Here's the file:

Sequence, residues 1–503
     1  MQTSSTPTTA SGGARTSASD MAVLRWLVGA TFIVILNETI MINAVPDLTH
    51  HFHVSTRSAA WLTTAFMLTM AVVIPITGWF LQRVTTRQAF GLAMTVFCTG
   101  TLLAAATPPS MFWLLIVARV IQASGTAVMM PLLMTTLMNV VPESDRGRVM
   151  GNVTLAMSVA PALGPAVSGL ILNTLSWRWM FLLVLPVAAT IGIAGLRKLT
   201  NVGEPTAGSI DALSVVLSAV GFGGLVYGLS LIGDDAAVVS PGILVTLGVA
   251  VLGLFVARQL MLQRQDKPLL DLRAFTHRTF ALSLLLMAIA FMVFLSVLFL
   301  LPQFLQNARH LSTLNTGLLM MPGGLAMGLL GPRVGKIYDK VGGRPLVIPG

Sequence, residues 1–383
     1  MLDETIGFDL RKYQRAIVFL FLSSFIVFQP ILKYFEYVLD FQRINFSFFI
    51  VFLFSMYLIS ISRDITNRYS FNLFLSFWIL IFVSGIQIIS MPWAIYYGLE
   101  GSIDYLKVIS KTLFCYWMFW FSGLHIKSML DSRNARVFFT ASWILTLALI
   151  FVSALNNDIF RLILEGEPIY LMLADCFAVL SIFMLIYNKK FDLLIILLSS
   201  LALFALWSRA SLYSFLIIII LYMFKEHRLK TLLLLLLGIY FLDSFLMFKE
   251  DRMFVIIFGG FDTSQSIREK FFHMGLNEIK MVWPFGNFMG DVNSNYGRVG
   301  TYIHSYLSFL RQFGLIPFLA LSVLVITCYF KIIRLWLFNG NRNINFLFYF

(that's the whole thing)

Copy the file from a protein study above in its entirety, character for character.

Sequence, residues 1–503
     1  MQTSSTPTTA SGGARTSASD MAVLRWLVGA TFIVILNETI MINAVPDLTH
    51  HFHVSTRSAA WLTTAFMLTM AVVIPITGWF LQRVTTRQAF GLAMTVFCTG
   101  TLLAAATPPS MFWLLIVARV IQASGTAVMM PLLMTTLMNV VPESDRGRVM
   151  GNVTLAMSVA PALGPAVSGL ILNTLSWRWM FLLVLPVAAT IGIAGLRKLT
   201  NVGEPTAGSI DALSVVLSAV GFGGLVYGLS LIGDDAAVVS PGILVTLGVA
   251  VLGLFVARQL MLQRQDKPLL DLRAFTHRTF ALSLLLMAIA FMVFLSVLFL
   301  LPQFLQNARH LSTLNTGLLM MPGGLAMGLL GPRVGKIYDK VGGRPLVIPG

Sequence, residues 1–383
     1  MLDETIGFDL RKYQRAIVFL FLSSFIVFQP ILKYFEYVLD FQRINFSFFI
    51  VFLFSMYLIS ISRDITNRYS FNLFLSFWIL IFVSGIQIIS MPWAIYYGLE
   101  GSIDYLKVIS KTLFCYWMFW FSGLHIKSML DSRNARVFFT ASWILTLALI
   151  FVSALNNDIF RLILEGEPIY LMLADCFAVL SIFMLIYNKK FDLLIILLSS
   201  LALFALWSRA SLYSFLIIII LYMFKEHRLK TLLLLLLGIY FLDSFLMFKE
   251  DRMFVIIFGG FDTSQSIREK FFHMGLNEIK MVWPFGNFMG DVNSNYGRVG
   301  TYIHSYLSFL RQFGLIPFLA LSVLVITCYF KIIRLWLFNG NRNINFLFYF